I wonder what religious reformer Martin Luther would think about "The 95 Theses of Progressive Teaching?" (Should the first 50 that are finished be nailed to U.S. Education Secretary Margaret Spellings' door??)
Teaching And Learning:
RedKudu is a high school English teacher who says, " I don't get angry. I just document." We liked what we read when RedKudu said,
Teachers are never fully prepared for what they will encounter in the classroom. There are not enough student-teaching hours in a lifetime to ready one for the constant daily exposure to a clientele so reluctant and resistant as a student. The daunting arrival of new initiatives for education, poorly supported by equal financial enthusiasm, make public school teaching in this day and age a strange, almost apocalyptic landscape, the survivors of which are those who learn how to dumpster dive for useful left-overs, convince students to keep the caps on markers so they don't dry out, and turn a sheet of black poster paper into a working chalkboard.From The Classroom:
David is a history teacher in Texas. In a recent post, he shows us the Calm before the storm.
While teaching in Australia, Elias recently presented an interesting lesson to his "seventh year class." What was it about? Why... it was about Native Americans!
Over at Teaching in the Twenty-First Century, "Ms. Q" reminds us why we got into teaching in the first place.
Students who cheat on tests and other school work continue to be an ongoing challenge for many, if not all, teachers. But what should be done? Dennis Fermoyle of From the Trenches of Public Ed. has some ideas well worth taking a look at.
Twenty-something teacher Anonymous Educator has learned a lesson that all classroom teachers must learn sooner...or... later: less is rarely more.
Education and The Media:
As the fifth anniversary of the terrorist attacks of September 11, 2001 approaches, Andrew Pass brings us a poignent post (with lesson ideas) about the just-released motion picture called "World Trade Center." (Don't miss the question that one of Mr. Pass's students asked him in class...)
Educator (and motivational speaker) Ron Clark was honored by The Disney Corporation as "Teacher of the Year" back in 2000. Now his life story has been made into film and teacher "Dr. Homeslice" has the review and reality check.
Your Mama's Mad Tedius is written by NYC special education teacher Miss Dennis. In this week's entry, Miss Dennis links to a podcast of an interview of Miss D by public radio's Tony Kahn on teaching special education in the South Bronx.
The implementation of the federal No Child Left Behind Act has helped cause education research to take center stage. Jenny D wants to know what types of education-related information the public might be most interested in knowing.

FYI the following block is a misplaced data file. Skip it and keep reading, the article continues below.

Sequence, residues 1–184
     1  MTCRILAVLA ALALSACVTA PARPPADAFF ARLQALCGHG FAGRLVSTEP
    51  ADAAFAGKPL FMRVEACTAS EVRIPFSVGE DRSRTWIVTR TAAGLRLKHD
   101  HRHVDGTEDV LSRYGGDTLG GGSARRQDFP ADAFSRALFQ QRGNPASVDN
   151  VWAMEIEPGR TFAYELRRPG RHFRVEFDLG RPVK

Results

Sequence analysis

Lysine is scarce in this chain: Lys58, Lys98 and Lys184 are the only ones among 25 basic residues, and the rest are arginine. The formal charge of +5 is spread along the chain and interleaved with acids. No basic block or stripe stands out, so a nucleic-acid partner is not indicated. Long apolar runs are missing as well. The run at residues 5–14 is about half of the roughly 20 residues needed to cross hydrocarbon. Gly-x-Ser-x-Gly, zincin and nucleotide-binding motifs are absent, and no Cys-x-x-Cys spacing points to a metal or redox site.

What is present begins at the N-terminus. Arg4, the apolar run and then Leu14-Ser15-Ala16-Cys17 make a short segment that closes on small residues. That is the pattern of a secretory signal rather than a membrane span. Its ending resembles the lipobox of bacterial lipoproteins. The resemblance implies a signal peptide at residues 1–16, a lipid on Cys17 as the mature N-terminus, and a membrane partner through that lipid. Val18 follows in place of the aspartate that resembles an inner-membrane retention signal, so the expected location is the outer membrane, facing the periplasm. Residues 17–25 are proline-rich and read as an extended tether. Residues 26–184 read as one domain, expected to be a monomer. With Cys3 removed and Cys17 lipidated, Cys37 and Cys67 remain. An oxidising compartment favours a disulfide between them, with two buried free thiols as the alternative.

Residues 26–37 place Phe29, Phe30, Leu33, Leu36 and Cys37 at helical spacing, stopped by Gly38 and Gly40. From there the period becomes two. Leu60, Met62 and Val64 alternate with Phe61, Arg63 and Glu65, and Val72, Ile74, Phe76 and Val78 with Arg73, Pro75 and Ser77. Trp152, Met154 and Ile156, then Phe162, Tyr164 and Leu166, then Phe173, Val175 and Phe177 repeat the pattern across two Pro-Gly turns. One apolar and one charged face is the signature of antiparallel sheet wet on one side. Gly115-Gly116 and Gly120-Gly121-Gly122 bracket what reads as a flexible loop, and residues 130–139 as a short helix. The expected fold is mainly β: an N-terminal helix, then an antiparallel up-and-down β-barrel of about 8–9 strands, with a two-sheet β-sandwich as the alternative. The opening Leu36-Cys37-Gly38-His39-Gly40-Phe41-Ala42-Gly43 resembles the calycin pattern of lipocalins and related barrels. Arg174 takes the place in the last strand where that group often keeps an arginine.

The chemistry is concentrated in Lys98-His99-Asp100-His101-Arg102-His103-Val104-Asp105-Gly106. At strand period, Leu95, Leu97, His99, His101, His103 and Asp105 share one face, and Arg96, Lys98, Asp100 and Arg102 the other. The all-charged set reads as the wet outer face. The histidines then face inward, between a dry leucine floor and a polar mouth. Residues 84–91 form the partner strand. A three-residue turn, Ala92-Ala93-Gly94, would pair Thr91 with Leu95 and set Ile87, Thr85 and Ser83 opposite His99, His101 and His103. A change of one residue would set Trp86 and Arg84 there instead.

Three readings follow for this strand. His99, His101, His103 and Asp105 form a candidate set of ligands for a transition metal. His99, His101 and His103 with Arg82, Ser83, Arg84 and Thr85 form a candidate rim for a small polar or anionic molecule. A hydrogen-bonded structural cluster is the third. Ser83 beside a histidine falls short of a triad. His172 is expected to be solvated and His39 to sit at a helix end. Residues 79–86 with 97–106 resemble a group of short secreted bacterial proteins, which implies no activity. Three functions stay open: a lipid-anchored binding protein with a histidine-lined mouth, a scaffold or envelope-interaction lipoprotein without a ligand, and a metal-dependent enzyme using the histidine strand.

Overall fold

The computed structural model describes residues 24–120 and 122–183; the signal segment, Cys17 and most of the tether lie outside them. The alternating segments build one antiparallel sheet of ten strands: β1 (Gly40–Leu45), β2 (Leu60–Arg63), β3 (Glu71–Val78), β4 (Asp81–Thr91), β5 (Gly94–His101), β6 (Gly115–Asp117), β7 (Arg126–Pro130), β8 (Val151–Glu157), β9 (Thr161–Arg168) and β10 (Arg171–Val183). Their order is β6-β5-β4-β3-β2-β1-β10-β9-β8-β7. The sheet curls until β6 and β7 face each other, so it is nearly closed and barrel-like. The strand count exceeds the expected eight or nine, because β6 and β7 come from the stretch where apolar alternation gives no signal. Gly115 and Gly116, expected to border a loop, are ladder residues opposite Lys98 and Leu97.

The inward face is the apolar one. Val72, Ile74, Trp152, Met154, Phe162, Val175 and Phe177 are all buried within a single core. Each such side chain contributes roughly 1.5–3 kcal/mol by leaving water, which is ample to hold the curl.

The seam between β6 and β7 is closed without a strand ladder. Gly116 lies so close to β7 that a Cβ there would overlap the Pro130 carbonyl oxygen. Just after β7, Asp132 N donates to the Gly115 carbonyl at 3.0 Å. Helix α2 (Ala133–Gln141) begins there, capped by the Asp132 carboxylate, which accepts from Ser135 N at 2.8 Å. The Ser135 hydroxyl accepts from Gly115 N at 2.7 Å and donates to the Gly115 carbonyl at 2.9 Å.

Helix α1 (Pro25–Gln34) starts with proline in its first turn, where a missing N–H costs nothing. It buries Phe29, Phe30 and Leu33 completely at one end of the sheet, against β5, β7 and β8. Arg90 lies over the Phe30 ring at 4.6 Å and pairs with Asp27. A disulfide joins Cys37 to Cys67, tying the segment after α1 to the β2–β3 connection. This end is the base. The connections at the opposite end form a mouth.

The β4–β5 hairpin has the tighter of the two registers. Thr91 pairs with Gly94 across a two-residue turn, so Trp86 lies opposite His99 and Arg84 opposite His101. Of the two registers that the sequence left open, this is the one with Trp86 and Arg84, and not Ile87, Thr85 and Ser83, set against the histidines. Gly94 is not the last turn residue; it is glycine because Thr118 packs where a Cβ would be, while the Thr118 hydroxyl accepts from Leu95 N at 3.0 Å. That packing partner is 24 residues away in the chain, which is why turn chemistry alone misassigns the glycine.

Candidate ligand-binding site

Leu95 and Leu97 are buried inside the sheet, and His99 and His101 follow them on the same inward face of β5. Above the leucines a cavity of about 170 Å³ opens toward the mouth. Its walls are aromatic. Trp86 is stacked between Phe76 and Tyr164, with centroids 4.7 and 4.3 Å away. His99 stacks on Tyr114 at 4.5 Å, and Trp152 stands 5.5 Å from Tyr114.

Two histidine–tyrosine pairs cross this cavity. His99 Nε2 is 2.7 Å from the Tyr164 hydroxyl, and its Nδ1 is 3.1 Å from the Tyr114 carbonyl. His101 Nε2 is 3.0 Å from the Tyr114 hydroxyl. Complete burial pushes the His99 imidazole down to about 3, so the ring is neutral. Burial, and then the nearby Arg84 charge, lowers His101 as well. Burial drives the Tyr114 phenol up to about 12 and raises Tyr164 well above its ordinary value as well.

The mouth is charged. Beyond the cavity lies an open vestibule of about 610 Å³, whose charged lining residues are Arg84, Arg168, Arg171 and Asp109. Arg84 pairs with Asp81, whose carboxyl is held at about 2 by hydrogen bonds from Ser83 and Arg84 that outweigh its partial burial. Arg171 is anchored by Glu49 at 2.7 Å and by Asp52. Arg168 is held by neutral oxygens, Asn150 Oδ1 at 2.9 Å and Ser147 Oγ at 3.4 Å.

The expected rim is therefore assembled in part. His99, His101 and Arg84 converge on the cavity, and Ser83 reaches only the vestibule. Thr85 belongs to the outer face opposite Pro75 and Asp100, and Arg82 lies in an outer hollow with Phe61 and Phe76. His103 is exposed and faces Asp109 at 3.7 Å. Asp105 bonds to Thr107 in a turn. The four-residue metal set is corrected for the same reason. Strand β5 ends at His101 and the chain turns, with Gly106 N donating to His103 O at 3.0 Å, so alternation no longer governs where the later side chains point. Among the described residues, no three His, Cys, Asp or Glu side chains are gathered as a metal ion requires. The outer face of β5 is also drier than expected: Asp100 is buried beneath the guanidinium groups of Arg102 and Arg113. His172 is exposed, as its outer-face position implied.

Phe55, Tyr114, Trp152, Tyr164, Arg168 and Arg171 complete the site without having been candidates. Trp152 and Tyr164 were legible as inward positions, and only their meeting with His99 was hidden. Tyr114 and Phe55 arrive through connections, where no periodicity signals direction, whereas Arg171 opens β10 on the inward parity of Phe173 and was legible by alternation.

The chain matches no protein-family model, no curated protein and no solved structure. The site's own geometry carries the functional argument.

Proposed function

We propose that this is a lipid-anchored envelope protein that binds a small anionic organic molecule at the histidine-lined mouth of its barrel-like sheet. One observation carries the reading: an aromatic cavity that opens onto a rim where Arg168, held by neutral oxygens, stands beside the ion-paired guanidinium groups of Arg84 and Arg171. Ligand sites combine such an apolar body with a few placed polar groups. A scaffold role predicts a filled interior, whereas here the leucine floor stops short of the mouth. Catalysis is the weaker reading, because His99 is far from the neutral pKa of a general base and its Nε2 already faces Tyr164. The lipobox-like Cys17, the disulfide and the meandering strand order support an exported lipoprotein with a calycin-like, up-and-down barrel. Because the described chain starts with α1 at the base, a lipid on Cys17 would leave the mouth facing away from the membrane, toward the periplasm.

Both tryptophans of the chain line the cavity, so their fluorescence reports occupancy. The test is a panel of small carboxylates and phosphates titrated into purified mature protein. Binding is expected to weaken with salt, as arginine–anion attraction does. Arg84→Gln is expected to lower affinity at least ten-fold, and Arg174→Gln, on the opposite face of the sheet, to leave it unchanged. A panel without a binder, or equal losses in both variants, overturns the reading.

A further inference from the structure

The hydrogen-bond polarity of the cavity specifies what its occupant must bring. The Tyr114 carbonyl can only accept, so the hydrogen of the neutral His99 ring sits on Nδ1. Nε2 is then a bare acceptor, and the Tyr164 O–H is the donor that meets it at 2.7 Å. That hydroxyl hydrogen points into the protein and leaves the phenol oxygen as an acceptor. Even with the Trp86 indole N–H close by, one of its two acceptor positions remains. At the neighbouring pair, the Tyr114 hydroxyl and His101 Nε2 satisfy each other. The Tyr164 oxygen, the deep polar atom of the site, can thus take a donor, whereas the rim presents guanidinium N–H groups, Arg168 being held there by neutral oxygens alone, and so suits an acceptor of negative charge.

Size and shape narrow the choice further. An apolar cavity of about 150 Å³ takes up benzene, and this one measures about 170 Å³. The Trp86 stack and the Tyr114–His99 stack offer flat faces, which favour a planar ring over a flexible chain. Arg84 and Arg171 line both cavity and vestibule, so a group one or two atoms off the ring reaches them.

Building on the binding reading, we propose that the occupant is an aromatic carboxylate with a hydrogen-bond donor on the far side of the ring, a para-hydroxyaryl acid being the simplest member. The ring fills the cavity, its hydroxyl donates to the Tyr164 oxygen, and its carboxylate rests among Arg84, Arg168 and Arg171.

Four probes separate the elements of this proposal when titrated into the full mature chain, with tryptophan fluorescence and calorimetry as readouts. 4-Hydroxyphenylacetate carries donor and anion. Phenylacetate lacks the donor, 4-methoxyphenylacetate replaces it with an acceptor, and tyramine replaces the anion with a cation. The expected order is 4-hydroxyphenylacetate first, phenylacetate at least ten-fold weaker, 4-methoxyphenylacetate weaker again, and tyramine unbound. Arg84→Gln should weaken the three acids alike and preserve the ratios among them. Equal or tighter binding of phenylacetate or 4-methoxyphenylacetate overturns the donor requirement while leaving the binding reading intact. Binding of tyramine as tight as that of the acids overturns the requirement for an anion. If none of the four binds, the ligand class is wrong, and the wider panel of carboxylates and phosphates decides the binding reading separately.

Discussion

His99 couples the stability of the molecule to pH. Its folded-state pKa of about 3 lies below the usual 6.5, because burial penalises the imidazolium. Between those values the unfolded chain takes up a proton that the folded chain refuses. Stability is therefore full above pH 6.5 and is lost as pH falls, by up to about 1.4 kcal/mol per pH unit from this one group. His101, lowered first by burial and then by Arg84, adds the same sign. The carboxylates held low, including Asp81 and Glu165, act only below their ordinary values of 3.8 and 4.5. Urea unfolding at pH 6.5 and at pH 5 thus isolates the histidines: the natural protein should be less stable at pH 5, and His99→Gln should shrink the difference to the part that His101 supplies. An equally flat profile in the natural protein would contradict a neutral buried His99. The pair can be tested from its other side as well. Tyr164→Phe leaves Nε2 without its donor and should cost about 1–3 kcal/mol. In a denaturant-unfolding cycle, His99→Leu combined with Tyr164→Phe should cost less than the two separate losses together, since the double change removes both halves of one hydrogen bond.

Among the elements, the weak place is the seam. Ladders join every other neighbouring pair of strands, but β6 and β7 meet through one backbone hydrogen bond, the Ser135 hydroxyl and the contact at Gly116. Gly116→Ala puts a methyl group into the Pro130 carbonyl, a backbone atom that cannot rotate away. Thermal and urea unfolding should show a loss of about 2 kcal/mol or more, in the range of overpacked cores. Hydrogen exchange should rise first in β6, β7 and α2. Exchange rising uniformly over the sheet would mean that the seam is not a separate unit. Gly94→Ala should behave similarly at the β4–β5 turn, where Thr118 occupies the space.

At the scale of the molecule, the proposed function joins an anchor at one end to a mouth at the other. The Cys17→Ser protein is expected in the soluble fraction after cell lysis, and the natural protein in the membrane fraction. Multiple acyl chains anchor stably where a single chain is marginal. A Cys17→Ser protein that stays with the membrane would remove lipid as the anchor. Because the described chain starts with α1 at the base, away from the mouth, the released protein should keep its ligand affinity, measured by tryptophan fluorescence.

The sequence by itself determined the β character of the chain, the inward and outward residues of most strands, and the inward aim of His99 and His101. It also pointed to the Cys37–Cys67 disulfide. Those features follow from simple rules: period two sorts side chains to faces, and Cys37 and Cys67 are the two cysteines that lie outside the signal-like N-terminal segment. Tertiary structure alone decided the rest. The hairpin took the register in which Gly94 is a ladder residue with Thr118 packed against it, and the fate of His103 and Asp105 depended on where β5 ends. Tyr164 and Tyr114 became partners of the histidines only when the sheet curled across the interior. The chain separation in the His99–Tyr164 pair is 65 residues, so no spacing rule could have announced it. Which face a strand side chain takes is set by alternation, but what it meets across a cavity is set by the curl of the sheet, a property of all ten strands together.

Inside This Teaching Life:
Is your school's principal a fair and effective adminstrator or is he/she Machiavellian? Find out for yourself over at Mrs. H's place.
When it comes to the study of history, those who choose to teach their children at home have quite a bit of latitude. Over at Home~Schoolers Rule, Alasandra makes some recommendations.
Parent and Student Survival Guide:
Here are some ways of reducing the high cost of a college education. (This has got our attention as our 14-year-old daughter, the TeenWonk, will soon be off on her own College Adventure.)
Should university professors be unionized? The Workplace Prof Blog has the latest court decision that could affect that very hotly debated question...
Resources and Curricula:
Sprittibee has some links for those who are looking for blank calendars and other planning aids.
Who can resist a Blog that's totally about Units of Measure?
Here's seven common-sense rules for sharpening-up your thinking skills.
What educator, student, or parent couldn't use some leadership skills? Get'em right here.
The Secret Lives of Educators:
This week's "must read" is by Mamacita over at Scheiss Weekly. All who have daughters (or just wish they had a daughter) should prepare to have their heart-strings tugged.
Over at The Median Sib, they have the skinny on a secret fear that all of us teachers who are over a Certain Age have... but don't want to admit.
As a practicing classroom teacher, I've received a number of sample textbooks over the years. But who would have thought that those "freebies" would actually have Cash Value? A certain math teacher has figured out how to make those freebies pay off.
Inside The Blogs:
Aside from the Free Exchange of Thoughts and Ideas, here are some additional benefits of participating in blog carnivals.
And finally: As always, this journey around the EduSphere has been both enjoyable and informative. Thanks to all the contributors whose submissions make the midway's continuing success possible, the folks who help spread the word, and the readers who continue to make it rewarding.